Start with the best: Silver Dollar Bar, part of The Wort Hotel.
The centre of local life drinking and eating in the centre of Jackson.
There hang the local custom hat shop owner, the Wyoming Whisky owners, a local famed dancer who has turned with Pippa Middleton, and local gallery owner.
The One Ton Pig band played and the joint was rammed early on by the older half of the town who filled the dance floor and by 10pm it was awash with young couples taking over.
The Wort Hotel is one of the best experiences in town, too.
Walking into reception enormous bison, deer and elk heads stare at you from the wall and there are fires, sofas, plates of cookies and smiling staff everywhere to welcome.
But it’s the rooms that really kick it. Wood carved doors of bucking cowboys, a dozen sculptures and paintings in the room and a cowboy themed bathroom – if there ever could be.
Town Square has four large arches made out of a tangle of elk antlers.
Each year is a fair in May where they are sold, having been collected by boy scouts in the national parks, to Asian buyers who believed them to contain some aphrodisiac.
That is, before Viagra came about.
The town was originally a place for hunting and fishing camps.
The Wort was there when it was just dust roads and made its money to pay off its construction by bringing in gambling during the Great Depression.
The music scene in the town is great, especially if you get on board with the country music, and live bands play everywhere, all night, avoiding the usual growling covers most ski resort bands get by on.
A main feature in town is the Jackson Hole Hat Company, that custom finishes each of its hats that are made out of rabbit or beaver fur, or a blend.
I was styled by the store keeper’s own: “”One with a Western flair, with a touch of feminine.”
And otherwise, a surprise, there are numerous galleries. Each full with paintings of cowboys, cowboys and their girls, in romantic poses or on the job. Who knew Western art was such a thing?!
The Center for Arts is a Jackson pride, where the New York Ballet has performed, as well as Bob Dylan and a plethora of other artists.
Also worth a mention is the Million Dollar Cowboy Bar that has saddles for bar stools and a live band at the back, that rather feels like a village hall.
The front, however, is full of pool tables and Australians; not an authentic Jackson experience, I feel, but a necessary one to do.
For a night, or a weekend if you’re taking it chilled, stay in the modern little wood cabins of Fireside Resorts.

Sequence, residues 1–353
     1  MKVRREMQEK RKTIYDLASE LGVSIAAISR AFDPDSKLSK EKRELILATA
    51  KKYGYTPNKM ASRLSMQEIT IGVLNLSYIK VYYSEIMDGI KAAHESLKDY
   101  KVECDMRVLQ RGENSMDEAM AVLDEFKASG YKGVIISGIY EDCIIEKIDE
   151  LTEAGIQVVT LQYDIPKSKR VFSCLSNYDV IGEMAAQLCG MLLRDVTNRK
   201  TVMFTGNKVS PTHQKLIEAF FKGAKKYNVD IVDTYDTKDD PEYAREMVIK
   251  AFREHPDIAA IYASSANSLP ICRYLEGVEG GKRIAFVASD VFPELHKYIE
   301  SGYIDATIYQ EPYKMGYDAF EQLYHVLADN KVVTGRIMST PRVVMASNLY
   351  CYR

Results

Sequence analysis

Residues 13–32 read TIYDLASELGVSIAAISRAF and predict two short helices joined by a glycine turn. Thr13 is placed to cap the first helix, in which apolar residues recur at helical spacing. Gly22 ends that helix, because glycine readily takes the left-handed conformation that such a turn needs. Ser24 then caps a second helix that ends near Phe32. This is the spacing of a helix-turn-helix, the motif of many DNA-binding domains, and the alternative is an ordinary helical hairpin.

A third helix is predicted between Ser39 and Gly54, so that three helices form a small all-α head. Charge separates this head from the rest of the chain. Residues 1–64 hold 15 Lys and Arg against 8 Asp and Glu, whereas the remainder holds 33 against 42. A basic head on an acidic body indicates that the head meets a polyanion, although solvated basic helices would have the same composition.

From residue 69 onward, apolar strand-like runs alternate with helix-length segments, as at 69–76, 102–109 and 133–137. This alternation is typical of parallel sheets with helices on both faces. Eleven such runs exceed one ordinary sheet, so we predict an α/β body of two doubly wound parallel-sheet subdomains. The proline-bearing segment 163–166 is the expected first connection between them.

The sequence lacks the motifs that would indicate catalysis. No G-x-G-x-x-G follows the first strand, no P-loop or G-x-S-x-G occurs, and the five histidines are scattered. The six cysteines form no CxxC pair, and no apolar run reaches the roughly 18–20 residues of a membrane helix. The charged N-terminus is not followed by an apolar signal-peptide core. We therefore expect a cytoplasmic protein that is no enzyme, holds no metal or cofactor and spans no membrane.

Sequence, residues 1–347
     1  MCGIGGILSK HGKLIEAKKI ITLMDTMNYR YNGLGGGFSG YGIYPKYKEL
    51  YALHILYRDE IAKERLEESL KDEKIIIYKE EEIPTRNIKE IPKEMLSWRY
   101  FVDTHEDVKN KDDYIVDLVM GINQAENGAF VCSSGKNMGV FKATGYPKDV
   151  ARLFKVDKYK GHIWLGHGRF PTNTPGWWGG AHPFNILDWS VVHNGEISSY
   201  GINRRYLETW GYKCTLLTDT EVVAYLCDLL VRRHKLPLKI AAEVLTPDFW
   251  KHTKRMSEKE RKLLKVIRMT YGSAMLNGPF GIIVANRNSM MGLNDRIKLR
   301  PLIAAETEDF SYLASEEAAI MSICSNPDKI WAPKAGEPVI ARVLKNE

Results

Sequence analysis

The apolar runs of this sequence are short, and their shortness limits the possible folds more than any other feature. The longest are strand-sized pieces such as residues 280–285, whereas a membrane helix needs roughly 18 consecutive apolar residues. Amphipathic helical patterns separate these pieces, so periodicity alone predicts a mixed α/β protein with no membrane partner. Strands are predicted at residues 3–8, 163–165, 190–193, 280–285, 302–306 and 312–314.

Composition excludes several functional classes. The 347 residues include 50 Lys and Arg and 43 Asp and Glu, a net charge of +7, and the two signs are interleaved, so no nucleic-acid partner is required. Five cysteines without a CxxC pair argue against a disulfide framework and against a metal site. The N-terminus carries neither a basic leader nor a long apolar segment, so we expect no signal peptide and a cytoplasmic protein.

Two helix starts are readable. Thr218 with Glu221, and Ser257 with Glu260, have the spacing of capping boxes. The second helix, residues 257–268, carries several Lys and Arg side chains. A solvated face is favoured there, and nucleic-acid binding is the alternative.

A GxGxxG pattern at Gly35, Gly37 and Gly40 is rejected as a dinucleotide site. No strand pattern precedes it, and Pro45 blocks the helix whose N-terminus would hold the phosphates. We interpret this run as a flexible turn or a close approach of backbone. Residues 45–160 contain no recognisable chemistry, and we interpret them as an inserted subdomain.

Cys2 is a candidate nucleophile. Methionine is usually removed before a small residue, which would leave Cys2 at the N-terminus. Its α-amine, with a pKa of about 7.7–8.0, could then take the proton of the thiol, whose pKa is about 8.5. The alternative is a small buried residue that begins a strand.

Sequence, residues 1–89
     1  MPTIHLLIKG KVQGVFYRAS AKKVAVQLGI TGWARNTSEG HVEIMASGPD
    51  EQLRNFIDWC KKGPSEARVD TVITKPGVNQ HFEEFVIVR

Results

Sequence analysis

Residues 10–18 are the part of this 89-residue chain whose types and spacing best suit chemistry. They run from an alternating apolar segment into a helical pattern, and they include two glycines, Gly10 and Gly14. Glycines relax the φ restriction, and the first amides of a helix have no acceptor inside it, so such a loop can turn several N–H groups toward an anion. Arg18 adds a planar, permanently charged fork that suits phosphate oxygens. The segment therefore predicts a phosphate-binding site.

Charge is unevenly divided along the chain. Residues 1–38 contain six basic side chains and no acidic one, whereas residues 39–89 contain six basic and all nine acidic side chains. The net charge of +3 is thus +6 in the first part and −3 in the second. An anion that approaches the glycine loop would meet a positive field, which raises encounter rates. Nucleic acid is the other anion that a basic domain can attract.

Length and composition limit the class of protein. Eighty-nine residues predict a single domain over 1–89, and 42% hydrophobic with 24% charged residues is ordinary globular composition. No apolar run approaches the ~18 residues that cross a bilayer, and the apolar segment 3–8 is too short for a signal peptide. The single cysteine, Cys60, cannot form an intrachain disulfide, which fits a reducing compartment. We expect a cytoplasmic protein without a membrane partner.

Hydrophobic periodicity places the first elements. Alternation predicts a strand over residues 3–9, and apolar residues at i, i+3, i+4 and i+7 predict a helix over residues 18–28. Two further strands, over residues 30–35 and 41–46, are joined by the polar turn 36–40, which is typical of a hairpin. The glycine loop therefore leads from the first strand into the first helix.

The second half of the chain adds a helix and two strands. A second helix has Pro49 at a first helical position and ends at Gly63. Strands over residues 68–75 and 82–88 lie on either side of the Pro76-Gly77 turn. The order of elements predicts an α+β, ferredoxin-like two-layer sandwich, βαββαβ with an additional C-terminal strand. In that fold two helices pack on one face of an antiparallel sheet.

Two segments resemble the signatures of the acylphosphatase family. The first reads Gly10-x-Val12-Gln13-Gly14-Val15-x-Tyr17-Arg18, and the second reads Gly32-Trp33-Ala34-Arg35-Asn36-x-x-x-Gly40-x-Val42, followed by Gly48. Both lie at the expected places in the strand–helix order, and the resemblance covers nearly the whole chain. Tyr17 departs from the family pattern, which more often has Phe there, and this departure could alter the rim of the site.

There is a fantastic pub in walking distance with craft beer and a floor covered in monkey nut shells: The Q Roadhouse and Brewing Co.
It has top notch food and is the perfect welcome from being on the road, as, I guess, is intended.
The road is then littered with dude ranches.
They’re not what I initially thought, named by Americans as what they are, but instead are just those orientated towards visitors and tourism.
On the 2016/17 season’s snow:
An American roadtrip has been a dream trip.
Honestly, combining it with a tour of North American resorts, criss-crossing states through landscape that changes dramatically every 30 miles and, in a word, is just vast.
The colours of the sky and land are unlike anything I’ve seen and when will you ever get the excuse to travel through Utah, Idaho and Wyoming with more of a purpose?
A roadtrip visiting resorts that are so very different from each other is the perfect ticket, especially when you’re crossing the pond for what’s hopefully 10 days or more.
I took the route from Salt Lake City, up through Utah into the flat plains of Idaho, then heading east into Wyoming.
When you hit Wyoming you follow Snake Creek up to the resort.
“Be careful of the moose, elk and deer on the road, Hon,” said a lady in a gas station somewhere in Swan Valley.
And from there you don’t stop seeing all kinds of wildlife.
More to do there but the draw of world class steeps and snow held us off.
JH Tapped is the app for the resort: see more and download here.
Ski North Hoback – and a challenge: try to make it no stopping top to bottom.
Drive up north over the Teton Pass and spend a day (and a night, ideally) in Grand Targhee. Transfers and more information available here for Grand Targhee. Check back in for more on here – It’ll be worth it!
See the parks – the largest elk preserve in all of NA is close by, into which trips on a sledge go daily to look at the animals up close.
In the parks there are over 60 species of mammals, more than 100 species of birds and a half-a-dozen game fish that can be found in the Jackson Hole/Yellowstone area.
The big game is elk, moose, bison, deer, antelope, mountain lion, grizzly and black bears, coyote; rare birds such as the bald eagle, trumpeter swan, blue heron, osprey, and native game fish such as the Snake River cutthroat trout and mackinaw lake trout.
If it’s a remote thought in your head to actually make it to Jackson this year, do it. March Madness is in play: notoriously good late snow, as if it needed more…
For PlanetSKI’s big roadtrip around North America, taking in various states in America and extending to Canada, with a multitude of resorts, see here for a start: Setting off on leg 3, Jackson Hole.
See here for the main PlanetSKI news page with all the latest stories from the world of snowsports.